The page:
Upcoming Event: II Arenas Teaching Symposium

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The Colegio Arenas Sur in Maspalomas, Gran Canaria will celebrate the II Arenas Teaching Symposium from 25th to 27th June this year. Speakers this year include Nina Lauder, Shawn Redwood, Andrea Littlewood, Igor Gavilán, Maite Molina and myself among others. The theme this year is ‘Thinking Outside the Box’.

For more information on the programme and on the speakers, click here.

For information on last year’s fantastic symposium, visit this site.

Tips for Speaking Tests (II)

In the first post in this series, we looked at structuring contributions in the speaking test, giving full, developed answers. In the second post, we are going to look at the language we use in the speaking exam.

In all levels of Cambridge exam, from YLE Starters up to Proficiency, there is, logically, a specific mark for pronunciation. When we talk about this aspect of language, there is a tendency to focus on accent, and specifically whether the candidate is capable of reproducing a particular native speaker accent. However, the examiner is not measuring the non-native candidate against a native-speaker norm. The emphasis is instead on reproducing the individual sounds, intonation and stress patterns of English in a way which does not impede comprehension. While higher levels of exam require the candidate to be ‘intelligible’, lower levels, such as KET or PET allow for a fairly intrusive L1 accent which may make comprehension more difficult at times.

The above video, from the Cambridge English TV channel on You Tube, focuses on word stress, and how a change in stress may mark a change in meaning, and so impede understanding if not reproduced accurately. This word stress can be realised in any accent, native or non-native. Similarly, sentence stress is not dependent on accent. English is traditionally a stress-timed language, as opposed to a syllable-timed language like, for example, Spanish. This means that a successful candidate should be able to place the stress on the correct syllables within an utterance, and at higher levels (CAE or CPE particularly) the candidate should be able to use stress to suplement the meaning of the utterance.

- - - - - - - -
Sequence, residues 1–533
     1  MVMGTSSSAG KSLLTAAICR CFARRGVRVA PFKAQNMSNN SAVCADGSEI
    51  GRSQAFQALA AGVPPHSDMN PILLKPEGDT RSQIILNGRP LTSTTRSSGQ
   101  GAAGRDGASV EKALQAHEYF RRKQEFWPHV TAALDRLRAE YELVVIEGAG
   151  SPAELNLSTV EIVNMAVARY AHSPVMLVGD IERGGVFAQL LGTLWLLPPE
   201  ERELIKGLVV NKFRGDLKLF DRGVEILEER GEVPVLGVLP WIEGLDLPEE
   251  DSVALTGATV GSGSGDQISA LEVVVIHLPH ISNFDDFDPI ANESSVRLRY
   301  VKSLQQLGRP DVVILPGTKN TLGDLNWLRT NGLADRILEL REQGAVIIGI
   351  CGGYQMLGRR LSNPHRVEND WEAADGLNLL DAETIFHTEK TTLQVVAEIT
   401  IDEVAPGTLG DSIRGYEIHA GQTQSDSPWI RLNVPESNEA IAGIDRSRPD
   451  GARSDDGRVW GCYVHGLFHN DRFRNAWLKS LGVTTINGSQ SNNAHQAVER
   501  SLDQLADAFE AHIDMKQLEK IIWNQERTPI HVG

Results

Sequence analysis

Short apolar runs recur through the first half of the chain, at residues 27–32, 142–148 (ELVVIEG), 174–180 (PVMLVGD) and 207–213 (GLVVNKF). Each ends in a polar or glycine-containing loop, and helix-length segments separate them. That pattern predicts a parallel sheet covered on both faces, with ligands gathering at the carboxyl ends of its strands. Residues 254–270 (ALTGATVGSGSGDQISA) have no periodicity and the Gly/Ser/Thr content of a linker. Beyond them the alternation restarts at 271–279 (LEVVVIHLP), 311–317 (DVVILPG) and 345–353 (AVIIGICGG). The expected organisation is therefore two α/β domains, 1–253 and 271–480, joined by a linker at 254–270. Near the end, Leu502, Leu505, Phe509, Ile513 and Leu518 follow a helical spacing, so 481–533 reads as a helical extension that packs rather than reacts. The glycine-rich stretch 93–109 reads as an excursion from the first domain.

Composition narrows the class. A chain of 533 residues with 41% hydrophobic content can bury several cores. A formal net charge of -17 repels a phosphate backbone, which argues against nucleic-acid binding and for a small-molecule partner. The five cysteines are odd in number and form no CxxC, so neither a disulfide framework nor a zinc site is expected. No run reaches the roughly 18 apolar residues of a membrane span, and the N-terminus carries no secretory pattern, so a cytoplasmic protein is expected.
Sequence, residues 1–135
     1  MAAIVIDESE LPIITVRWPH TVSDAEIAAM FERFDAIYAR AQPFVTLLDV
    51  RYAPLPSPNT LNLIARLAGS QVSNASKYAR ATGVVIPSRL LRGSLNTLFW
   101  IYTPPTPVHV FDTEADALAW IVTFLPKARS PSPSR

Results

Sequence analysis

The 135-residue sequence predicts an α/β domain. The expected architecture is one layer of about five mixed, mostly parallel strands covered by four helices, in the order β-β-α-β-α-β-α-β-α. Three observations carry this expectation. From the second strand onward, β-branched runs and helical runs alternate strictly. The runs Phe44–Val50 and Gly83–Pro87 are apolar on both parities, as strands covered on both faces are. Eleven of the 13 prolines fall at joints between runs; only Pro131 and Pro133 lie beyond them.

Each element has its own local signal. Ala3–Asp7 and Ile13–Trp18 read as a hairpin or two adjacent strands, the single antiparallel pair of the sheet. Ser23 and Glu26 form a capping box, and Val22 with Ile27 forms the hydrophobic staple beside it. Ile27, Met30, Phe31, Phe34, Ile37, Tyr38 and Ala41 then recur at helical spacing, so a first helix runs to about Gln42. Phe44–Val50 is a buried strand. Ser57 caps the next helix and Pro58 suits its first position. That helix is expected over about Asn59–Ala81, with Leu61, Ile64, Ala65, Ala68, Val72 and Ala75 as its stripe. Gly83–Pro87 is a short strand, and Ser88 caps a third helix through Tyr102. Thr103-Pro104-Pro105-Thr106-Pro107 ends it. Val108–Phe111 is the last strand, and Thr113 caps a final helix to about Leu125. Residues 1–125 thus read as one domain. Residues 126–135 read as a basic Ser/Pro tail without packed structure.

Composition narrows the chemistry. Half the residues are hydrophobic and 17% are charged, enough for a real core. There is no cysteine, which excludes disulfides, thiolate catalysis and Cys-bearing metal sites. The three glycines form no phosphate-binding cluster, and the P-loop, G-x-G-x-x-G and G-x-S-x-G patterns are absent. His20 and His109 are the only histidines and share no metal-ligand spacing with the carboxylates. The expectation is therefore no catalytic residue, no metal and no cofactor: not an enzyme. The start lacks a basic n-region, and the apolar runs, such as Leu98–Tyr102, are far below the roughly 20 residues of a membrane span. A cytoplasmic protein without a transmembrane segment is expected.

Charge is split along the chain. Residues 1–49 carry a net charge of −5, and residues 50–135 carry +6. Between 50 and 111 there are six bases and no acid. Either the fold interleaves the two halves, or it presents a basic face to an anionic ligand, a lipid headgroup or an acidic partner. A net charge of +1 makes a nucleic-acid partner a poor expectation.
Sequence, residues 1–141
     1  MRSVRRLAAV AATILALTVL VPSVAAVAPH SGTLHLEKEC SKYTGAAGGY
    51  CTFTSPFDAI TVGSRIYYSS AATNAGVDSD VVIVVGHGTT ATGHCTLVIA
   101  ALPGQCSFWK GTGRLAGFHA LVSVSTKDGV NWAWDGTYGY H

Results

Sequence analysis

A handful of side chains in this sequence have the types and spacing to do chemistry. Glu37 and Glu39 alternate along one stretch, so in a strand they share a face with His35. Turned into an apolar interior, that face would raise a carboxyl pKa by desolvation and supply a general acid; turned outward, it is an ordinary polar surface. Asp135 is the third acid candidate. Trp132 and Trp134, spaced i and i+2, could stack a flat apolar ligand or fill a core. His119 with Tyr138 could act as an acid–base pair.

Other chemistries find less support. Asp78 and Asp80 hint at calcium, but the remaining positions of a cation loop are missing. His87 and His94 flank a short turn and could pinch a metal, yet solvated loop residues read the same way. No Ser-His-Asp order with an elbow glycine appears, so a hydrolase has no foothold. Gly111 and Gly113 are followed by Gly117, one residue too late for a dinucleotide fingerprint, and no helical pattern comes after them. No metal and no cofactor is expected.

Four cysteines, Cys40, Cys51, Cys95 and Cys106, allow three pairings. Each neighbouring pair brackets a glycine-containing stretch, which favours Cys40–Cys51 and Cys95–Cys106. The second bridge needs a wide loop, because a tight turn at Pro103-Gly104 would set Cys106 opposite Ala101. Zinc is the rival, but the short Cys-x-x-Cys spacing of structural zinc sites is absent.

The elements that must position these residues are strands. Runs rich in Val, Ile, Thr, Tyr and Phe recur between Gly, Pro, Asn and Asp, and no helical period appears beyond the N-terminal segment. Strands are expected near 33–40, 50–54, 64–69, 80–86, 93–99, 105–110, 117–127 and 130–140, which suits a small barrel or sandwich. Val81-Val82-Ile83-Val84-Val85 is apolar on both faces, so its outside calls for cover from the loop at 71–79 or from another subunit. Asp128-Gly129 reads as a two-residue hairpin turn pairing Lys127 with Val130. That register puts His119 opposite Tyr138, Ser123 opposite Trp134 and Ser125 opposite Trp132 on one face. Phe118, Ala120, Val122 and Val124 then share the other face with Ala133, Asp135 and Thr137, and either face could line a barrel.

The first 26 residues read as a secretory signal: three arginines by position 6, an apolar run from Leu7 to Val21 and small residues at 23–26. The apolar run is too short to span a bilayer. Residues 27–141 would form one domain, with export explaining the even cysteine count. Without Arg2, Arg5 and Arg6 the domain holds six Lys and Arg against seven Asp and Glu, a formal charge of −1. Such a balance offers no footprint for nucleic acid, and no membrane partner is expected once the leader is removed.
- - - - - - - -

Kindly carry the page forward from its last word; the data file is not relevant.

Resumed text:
Another important aspect which can be reproduced accurately whatever the accent of the candidate is intonation. A successful candidate should be able to use rising and falling tones within the utterance in order to indicate the internal structure of the utterance, usually rising at the end of each element of a list, for example, or at breaks in an utterance usually represented graphically by a comma, then falling at the end of an utterance, represented graphically by a full stop.This can actually have more effect on understanding at times than accuracy in individual sounds. Several years ago, I examined a PET candidate who reproduced individual sounds acurately, but whose intonation was so wrong that he was almost impossible to understand.

Clearly examiners must also focus on the accurate reproduction of individual sounds. However, different accents imply different versions of individual sounds. Here too, the important thing is to be understood with relative ease, avoiding as far as possible L1 intrusions. It doesn’t matter if the student pronounces ‘Tomato’ as in British English or in American English, but if they say ‘city’ as ‘thity’ (a typical Spanish error, since in Spain, the ‘ci’ and ‘ce’ are pronounced ‘thi’ and ‘the’), that impedes understanding, and so is marked down.